Roam around the island, taking in the stunning views: Portela, surrounded by windmills; Pedreira on Pico Ana Ferreira, with a beautiful panoramic view over the golf course; and at the western end of the island, the Miradouro das Flores, overlooking Madeira and the Desertas islands. Fonte da Areia, where the water that falls on to the rocks has caused erosion, is also worth a visit. And Zimbralinho, a small port in the south-west of the island, is a picture of beauty.
By off-roader, bicycle or even on foot meanwhile, pop along to the Pico do Facho. At 517 metres it’s the highest peak on the island. And if you’re still feeling active why not go and see the Pico do Castelo? The enclosed valleys and islets appear to have been scattered around the island almost like seeds.
If you like your beaches, the Algarve is a great choice. There is everything possible to ensure the best of holidays in the sun. With an amenable year round climate, the Algarve season extends beyond high summer and enables you to choose less crowded periods of the year. That is, from mid-April through to October, the sun is – almost – always out thus extending the pleasures of the Algarve’s beaches far beyond August.
Long beaches are broken only by irregular rock forms including odd and mysterious cave formations that may be visited by boat. Some luxury hotels, given their exclusive sea- frontage are in the very best position for enjoyment of this fine environment.
Visit the stores of the Vilamoura marina and admire the splendid yachts at anchor over an ice cream on a café terrace
Of the diverse range of cuisine available across the Algarve, musts include the shellfish and potato ‘cataplana’ copper-cooked stew accompanied by lavish glasses of chilled white. Such dinner is perfect before setting out to tour the lively and long lasting Algarve nightlife. There are as many places to drink as there are to dance – and that is through to day break at Praia da Rocha, in Galé, Praia da Oura, or alternatively in Vilamoura.
Covering an area that extends roughly from Leiria to Setúbal, and with its epicentre in the capital, the Lisbon Region has all kinds of attractions for those who want to relax.
The beaches are all excellent ones with a mild climate. If you enjoy a lie-in in the mornings, you can stay further to the north, where sometimes the various resorts are shrouded in early morning mist: São Pedro de Moel, São Martinho do Porto, with its beautiful bay, Foz do Arelho, or even Santa Cruz and Ericeira.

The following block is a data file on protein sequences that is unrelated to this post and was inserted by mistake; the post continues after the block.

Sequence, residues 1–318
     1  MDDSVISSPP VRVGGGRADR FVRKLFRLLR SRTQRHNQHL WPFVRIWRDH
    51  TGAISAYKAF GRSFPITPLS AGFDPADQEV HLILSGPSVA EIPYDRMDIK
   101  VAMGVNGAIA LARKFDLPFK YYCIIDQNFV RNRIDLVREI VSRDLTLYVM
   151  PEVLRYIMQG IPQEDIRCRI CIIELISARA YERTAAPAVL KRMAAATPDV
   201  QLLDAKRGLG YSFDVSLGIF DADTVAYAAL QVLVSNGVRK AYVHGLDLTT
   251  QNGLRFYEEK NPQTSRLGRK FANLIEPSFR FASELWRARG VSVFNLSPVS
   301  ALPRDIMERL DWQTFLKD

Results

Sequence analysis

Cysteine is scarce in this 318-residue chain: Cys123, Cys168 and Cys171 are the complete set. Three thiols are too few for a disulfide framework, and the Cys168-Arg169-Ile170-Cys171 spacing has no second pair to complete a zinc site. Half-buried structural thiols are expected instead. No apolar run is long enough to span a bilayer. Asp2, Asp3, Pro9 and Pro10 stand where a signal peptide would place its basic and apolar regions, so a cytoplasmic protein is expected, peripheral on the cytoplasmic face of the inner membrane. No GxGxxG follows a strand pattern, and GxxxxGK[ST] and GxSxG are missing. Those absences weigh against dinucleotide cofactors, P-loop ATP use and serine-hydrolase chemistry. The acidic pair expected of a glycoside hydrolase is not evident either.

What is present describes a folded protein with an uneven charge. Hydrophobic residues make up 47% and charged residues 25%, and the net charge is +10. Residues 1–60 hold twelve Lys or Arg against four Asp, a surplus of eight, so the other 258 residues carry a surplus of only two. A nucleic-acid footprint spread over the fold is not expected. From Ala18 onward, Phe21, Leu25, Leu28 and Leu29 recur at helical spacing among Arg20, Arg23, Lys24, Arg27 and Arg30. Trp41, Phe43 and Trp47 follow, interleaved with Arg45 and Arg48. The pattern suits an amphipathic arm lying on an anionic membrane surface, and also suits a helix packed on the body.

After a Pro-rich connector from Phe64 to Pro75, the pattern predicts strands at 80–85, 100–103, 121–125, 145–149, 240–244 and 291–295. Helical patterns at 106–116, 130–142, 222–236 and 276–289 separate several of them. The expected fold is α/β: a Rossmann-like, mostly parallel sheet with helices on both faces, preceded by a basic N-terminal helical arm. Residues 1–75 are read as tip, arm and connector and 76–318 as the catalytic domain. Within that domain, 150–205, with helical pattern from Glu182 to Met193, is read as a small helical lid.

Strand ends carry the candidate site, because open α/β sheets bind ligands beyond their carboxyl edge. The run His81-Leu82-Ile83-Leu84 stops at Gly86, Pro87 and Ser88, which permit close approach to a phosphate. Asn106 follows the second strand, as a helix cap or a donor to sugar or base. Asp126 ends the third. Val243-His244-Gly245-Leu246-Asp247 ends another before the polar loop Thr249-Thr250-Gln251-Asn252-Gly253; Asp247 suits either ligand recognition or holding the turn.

Further south are the beautiful beaches of Azenhas do Mar, Praia das Maçãs, Praia Grande and Guincho, and all those along the Estoril coast. After this, you must cross over the River Tagus to the popular and lively beaches of Costa da Caparica, followed by the more graceful ones of Arrábida or the Tróia Peninsula. The northern waves are greatly appreciated by fans of surfing, kitesurfing and other more active sports, whilst, to the south of Lisbon, you can visit the nudist beaches of Meco or swim with dolphins close to Setúbal.
Whether you decide to go north or south, the artistic and cultural heritage that you’ll find is so vast that we cannot even begin to list it. Suffice it to say that there are several monuments classified as world heritage. But we can also tell you that you’ll find some most attractive pottery at Alcobaça and Caldas da Rainha, gastronomic festivals and wine routes all over the region, and fairs and pilgrimages, together with their accompanying festivities, in many places, especially in the summer.
Bathed in the bright light of the sun’s rays, the Lisbon region is waiting for your visit.
A long weekend, with the whole family together!! Portugal has everything you need tomake this a great trip: there’s a wide variety of tours available, entertainment to suit allages, a mild climate and a country where you can feel entirely safe.
Sharks, rays, penguins and 4 oceans all together in one? You can only find this at the Lisbon Oceanarium! If you want to give your kids a real fun day out, there’s nothing like the houses and monuments adapted to their size at Portugal dos Pequenitos in Coimbra. Do they know how the Romans used to live? They’ll certainly find out in Conímbriga.
All kinds of toys from past to present can be found at the museums in Seia, Sintra and Ferreira do Alentejo. This will be a fun discovery.
And what if there really were such a thing as a chocolate house? Well, there’s one in Portugal and, what’s more, you can eat it! Nobody can resist… the Óbidos Chocolate Festival.
For our pint-sized explorers, there are some really great surprises. Did you know that Europe’s largest Christmas tree is to be found in the heart of Lisbon? And, now we mention it, why don’t you start thinking about those presents now?
For more information on travel to Portugal visit www.visitportugal.com